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Technology Implementation

Leads industry and government partners through early-stage pilot implementations and evaluations of transportation and smart cities technologies, including connected and automated vehicle systems.

Virginia Connected Corridors

The Division for Technology Implementation (DTI) participates in the investigation of requirements, selection of vendor solutions, development of hardware and software solution components, systems integration, data collection, data analysis, performance analysis, and cost/benefit estimation. DTI leads outreach activities that join partners into consortia to collaboratively resolve the legal, policy, operational, and technical issues required to conduct an effective implementation. DTI has developed and maintained connected vehicle test bed environments including a cloud computing environment, roadside communications and localization equipment, dashboard applications for performance monitoring, and mobile reference applications. DTI has deployed these capabilities on closed test tracks and live operational environments on public roads. DTI also specializes in the development of customized web and mobile applications that are used for a variety of transportation research purposes.

  • Application Development
  • Implementation Research
  • Infrastructure-Based Safety Systems
  • Operations Management

  • Adaptive Lighting
  • FHWA AMR BAA 2019: Implementing Adaptive Lighting by a State DOT
  • Lighting for Pedestrians
  • Next Generation Luminaries Competition 2019 Outdoor
  • Safely Operating ADS in Dynamic Scenarios

Mike Mollenhauer

Mike Mollenhauer

Division Director
Ron Gibbons

Ron Gibbons

Infrastructure-based Safety Systems
Dean Iverson

Dean Iverson

Application Development
Jean Paul Talledo Vilela

Jean Paul Talledo Vilela

Implementation Research

  • INNOVATION: As one of the key emerging innovations in transportation, ADS-equipped vehicles have the potential to improve safety by reducing opportunities for human error while increasing operational efficiencies, leading to substantial societal benefits. Despite the recent significant technological progress, several dynamic operational scenarios remain unsolved in terms of how they will be safely negotiated by ADS, thereby limiting our ability to integrate ADS-equipped vehicles into the U.S. transportation system. DTI is leading a $7.5M FHWA grant to develop and demonstrate innovation solutions to enable L4+ ADS to handle those complex, unsolved scenarios with infrastructure or public services.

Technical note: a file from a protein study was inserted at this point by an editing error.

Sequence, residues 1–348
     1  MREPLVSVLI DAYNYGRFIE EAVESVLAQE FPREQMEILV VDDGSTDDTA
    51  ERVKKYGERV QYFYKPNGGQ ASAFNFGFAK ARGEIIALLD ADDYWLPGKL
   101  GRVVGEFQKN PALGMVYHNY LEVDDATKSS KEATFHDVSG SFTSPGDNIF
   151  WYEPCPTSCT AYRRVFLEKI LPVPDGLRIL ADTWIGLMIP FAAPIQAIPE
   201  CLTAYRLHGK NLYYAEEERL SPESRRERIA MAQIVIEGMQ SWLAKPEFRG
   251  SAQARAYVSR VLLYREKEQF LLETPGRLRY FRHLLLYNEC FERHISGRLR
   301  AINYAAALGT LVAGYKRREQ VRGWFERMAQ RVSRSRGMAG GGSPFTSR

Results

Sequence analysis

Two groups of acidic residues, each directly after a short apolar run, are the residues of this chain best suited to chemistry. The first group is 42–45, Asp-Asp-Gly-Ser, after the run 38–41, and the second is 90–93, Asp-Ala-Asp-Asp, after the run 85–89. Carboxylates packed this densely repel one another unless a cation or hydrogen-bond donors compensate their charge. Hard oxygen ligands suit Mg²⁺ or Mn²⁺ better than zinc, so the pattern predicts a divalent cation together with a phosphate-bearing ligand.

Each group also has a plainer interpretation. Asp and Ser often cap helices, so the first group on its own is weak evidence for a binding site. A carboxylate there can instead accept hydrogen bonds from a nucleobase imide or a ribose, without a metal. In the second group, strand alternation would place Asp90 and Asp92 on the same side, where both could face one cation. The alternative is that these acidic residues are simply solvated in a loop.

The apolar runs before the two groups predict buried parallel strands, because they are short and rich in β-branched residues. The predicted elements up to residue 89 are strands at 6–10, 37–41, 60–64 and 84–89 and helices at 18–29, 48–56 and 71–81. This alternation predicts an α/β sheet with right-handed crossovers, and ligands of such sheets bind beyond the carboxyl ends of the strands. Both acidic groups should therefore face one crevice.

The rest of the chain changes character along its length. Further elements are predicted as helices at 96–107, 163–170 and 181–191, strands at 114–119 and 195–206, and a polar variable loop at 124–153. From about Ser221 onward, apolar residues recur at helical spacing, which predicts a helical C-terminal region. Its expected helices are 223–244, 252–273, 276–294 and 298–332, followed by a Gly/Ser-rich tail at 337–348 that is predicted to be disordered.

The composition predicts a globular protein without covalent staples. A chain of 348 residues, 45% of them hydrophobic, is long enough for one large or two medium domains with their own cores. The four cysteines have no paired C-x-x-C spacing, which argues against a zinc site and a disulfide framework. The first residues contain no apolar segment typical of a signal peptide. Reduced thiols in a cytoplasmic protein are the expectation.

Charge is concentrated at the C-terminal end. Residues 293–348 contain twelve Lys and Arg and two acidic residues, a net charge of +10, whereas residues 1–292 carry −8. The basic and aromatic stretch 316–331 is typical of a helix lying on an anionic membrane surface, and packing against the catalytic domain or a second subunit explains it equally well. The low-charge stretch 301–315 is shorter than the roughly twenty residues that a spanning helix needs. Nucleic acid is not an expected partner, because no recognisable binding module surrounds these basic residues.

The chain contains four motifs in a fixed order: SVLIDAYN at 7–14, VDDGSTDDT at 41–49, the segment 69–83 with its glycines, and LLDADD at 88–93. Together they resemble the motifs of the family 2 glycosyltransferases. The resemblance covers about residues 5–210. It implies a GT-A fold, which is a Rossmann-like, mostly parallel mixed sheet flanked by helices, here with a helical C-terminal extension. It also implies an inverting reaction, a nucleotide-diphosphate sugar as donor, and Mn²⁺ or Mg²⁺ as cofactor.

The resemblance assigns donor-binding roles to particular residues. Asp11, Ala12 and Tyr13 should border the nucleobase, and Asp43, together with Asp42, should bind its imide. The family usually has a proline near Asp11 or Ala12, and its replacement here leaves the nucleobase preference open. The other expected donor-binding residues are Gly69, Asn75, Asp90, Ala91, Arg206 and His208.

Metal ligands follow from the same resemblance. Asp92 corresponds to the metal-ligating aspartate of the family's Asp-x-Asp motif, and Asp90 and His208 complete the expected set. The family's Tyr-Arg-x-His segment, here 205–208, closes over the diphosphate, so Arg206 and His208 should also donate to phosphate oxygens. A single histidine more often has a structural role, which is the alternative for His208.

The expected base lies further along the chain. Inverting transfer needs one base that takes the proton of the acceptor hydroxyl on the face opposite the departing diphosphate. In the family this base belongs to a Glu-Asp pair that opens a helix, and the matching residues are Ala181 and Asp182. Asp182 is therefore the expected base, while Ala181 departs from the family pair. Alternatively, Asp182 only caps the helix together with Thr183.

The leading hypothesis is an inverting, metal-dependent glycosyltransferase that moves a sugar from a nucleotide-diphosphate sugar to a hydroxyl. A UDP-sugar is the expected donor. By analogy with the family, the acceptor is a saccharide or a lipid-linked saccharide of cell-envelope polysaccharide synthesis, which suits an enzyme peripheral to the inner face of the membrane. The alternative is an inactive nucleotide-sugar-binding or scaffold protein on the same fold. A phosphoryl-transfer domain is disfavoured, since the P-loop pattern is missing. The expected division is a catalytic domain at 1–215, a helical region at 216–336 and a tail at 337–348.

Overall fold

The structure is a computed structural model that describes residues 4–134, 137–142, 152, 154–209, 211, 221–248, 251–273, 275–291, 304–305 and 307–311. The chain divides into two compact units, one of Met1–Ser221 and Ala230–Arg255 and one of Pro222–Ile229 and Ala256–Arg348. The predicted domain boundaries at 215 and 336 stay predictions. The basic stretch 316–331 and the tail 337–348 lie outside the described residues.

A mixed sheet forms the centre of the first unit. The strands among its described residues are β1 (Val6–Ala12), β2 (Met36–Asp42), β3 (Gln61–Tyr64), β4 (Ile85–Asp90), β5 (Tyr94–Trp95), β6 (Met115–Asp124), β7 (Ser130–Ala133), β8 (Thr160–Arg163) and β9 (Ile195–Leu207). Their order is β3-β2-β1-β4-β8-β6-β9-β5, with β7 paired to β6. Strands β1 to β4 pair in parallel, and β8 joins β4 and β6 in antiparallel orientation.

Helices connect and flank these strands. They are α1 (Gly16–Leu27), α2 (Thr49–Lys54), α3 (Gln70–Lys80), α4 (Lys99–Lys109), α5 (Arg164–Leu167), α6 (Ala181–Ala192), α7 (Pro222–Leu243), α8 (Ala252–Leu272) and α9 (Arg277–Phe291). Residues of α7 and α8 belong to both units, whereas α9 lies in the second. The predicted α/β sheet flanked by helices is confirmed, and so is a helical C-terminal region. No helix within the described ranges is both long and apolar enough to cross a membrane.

• IMPLEMENTATION: DTI collaborates with government and industry partners to deploy cutting-edge technologies in real-world environments, gathering data to understand the benefits, quantify performance, and develop guidance to overcome barriers to broad-scale implementation. Recently, VTTI partnered with VDOT, Qualcomm, Volkswagen-Audi, and American Tower to launch an initial deployment of connected vehicle-to-everything (C-V2X) technologies on the Virginia Smart Roads and roadways within the Virginia Connected Corridor in Northern Virginia. The deployment is designed to utilize C-V2X wireless communications to enhance safety by delivering work zone warnings on highways as well as signal timing information on approaches to signalized intersections on arterial roadways. In both cases, C-V2X communications can help deliver critical safety messages between vehicles and infrastructure with minimal latency, while less time-sensitive alerts are designed to be provided via C-V2X using the cellular network.
  • INDUSTRY BEST PRACTICES: With significant contributions from VTTI, the National Academies of Science, Engineering, and Medicine have published the first national guidelines for using light-emitting diode (LED) lamps to light U.S. roadways. VTTI conducted the research in partnership with the WSP engineering firm. Much of our industry-sponsored research contributes directly to the continued development of advanced vehicle technologies, but cannot be shared publicly due to the proprietary nature of this research.
  • RESEARCH: DTI has a broad research portfolio with a common goal of collecting data to aid decision-making processes for technology development and deployment guidelines. DTI is currently leading an effort to develop and pilot smarter work zones technologies, including smart personal protective equipment, mobile base station units to broadcast work zone information to connected vehicles, and integrated channelizing devices. Data collected by the technological components and system users throughout the project life cycle will allow researchers to optimize the system and prepare for real-world deployment.
  • DATA: Real-world datasets collected during cutting-edge technology deployments are invaluable to technology developers and pilot users including infrastructure owner-operators and original equipment manufacturers (OEMs). DTI is currently collecting real-world, naturalistic data for a low-speed automated shuttle operating in northern Virginia, shared, dockless e-scooters deployed on the Virginia Tech campus, and a smart intersection system deployed at an intersection on the Virginia Tech campus to detect vehicle and pedestrian movements.